How to Care for Chickens During Wildfires
If you currently live in the Western United States, you are most likely dealing with the effects of wildfires. I am lucky to live in an area that is not directly threatened by the fires, but we are experiencing very smoky conditions! According to the EPA (Environmental Protection Agency), our air quality dipped into the purple category today, which signals very unhealthy conditions.
It’s important to remember that smoky conditions can be just as miserable for our chickens and livestock. Smoke is largely composed of water vapor, carbon dioxide, carbon monoxide, toxins and particulate matter. The EPA’s Air Quality Index is actually measuring particulate matter in the air, which can be harmful to both people and animals. Smoke inhalation can cause irritation to eyes, throat and nose. You may also notice that the air feels “heavy” or that it’s difficult to take a deep breath. Reduced oxygenation can cause light-headedness, dizziness and even nausea.
As smoky conditions increase, it is important to remember that our animals can also suffer from smoke inhalation. Outdoor animals are particularly at risk since they are in the smoky environment all day and all night. Since wildfire season can range from several weeks to months, it is important to proactively ensure that our chickens are as protected as possible. These tips are geared towards chickens, but the principles can be applied to any livestock.
Five Steps to Keep Chickens Healthy During Smoky Conditions:
Provide fresh water often
One of the most important things you can do to ensure your chickens stay healthy during smoky conditions is to provide as much clean, fresh water as possible. Fresh water will help to moisten airways and wash particulate matter away from the chicken’s beak and nostrils. Change the water often, to ensure that it is clean and free of toxins. We have noticed a large accumulation of film building up on our chicken’s water due to the smoke.
Keep food and environment dust-free
Try to reduce any unnecessary dust that may be lurking in your chicken’s food or environment. Dusty conditions will further decrease air quality. If your feed is grainy or dusty, it may be a good time to ferment it. Fermented feed offers additional moisture, and it increases the bioavailability of nutrients. Providing extra nutrients is very important to combat the stress and fatigue caused by smoky conditions. Try to avoid dusty bedding material. It is also best to avoid changing bedding (unless absolutely needed) due to the amount of dust that is created by raking, shoveling, and replacing the bedding.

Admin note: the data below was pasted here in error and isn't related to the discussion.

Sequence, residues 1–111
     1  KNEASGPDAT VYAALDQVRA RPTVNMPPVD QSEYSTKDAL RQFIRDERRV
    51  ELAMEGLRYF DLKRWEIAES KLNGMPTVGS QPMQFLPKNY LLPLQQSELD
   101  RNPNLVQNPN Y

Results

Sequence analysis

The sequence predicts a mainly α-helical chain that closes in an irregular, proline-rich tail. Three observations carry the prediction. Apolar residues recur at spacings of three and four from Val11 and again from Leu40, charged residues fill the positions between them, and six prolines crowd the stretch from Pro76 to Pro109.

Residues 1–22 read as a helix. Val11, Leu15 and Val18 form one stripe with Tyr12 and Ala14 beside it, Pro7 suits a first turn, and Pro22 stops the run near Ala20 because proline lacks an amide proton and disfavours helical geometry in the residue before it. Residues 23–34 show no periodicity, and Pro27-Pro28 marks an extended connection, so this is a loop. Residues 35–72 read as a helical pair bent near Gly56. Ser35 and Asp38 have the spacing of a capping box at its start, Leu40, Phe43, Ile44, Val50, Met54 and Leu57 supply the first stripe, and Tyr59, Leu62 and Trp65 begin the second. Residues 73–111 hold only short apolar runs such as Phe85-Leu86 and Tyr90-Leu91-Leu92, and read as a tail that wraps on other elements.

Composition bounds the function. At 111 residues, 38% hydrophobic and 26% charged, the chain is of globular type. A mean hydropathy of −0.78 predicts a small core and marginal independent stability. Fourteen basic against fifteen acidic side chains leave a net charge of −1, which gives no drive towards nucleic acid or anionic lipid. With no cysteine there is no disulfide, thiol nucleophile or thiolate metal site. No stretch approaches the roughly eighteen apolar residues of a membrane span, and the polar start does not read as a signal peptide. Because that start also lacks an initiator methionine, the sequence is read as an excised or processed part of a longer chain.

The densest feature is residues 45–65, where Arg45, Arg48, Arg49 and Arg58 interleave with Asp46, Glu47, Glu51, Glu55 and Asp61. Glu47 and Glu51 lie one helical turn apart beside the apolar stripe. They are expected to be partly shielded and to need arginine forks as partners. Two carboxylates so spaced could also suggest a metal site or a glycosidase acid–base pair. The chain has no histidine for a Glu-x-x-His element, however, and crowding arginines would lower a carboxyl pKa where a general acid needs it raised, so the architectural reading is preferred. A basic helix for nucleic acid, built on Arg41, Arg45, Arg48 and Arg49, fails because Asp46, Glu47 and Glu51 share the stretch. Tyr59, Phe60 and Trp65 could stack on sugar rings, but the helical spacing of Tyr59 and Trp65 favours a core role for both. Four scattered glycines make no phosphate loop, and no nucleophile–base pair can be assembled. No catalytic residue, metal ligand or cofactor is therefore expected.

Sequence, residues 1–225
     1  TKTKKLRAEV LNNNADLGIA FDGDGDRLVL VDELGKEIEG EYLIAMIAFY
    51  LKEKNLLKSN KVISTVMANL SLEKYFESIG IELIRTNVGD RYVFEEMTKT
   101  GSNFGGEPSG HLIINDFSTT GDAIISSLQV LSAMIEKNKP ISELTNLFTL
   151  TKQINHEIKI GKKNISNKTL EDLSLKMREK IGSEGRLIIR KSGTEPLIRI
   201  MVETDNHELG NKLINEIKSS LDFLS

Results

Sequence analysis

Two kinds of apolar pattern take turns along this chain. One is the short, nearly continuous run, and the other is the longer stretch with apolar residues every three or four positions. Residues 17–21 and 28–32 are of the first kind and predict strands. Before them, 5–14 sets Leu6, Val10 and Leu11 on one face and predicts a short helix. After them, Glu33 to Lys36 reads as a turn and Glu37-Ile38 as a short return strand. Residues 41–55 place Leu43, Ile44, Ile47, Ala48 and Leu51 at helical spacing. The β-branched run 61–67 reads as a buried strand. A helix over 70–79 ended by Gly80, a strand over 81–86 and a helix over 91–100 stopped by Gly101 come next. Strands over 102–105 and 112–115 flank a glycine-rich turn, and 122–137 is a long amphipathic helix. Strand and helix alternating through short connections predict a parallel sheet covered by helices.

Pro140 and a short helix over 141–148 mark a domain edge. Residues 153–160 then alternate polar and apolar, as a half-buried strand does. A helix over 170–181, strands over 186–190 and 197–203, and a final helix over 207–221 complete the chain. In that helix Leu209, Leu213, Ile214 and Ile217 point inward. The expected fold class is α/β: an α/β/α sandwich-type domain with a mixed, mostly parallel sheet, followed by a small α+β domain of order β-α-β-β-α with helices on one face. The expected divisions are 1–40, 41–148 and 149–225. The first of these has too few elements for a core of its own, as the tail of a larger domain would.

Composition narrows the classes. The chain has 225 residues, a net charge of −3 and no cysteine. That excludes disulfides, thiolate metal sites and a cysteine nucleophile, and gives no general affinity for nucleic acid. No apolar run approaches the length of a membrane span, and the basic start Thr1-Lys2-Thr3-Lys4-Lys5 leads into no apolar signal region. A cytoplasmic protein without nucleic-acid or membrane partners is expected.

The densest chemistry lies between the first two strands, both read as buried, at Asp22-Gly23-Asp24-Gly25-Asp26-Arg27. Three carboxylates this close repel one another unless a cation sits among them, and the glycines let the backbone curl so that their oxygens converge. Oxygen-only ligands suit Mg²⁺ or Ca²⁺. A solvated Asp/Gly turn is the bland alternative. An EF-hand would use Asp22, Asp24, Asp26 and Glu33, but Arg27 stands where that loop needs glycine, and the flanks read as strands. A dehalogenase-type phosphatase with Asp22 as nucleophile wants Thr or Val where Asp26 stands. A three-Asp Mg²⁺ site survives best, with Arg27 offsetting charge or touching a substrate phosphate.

Limit activity, if possible
Your chickens will most likely limit their physical activity during smoky conditions, which is perfectly natural and actually beneficial. Allow your chickens to rest and conserve energy. You may need to consider providing free range chickens with extra feed. This will help reduce the amount of physical exertion that is needed when searching and hunting for food.
Watch for signs of respiratory distress
Monitor your chickens closely for respiratory distress and other health problems when conditions are smoky. Signs of respiratory distress can include wheezing, difficulty breathing, pale comb, discharge from nose or eyes and lethargy or fatigue. If you see consistent signs of respiratory distress, it is advisable to separate the effected bird, as infection can spread quickly. If signs continue or worsen, contact your avian veterinarian to develop a treatment plan. It is also important to continue monitoring animals after smoky conditions have improved because it can take several weeks for animals to fully recover.
Monitor conditions on a daily basis and make changes as needed
One of the best things you can do to protect your animals during wildfire season is to trust your intuition! If you feel that conditions are worsening, if ash begins to fall, or if your animals are showing symptoms of distress, move them into a covered or indoor area if possible. A barn, garage or shed could be good options to provide temporary relief from smoky conditions.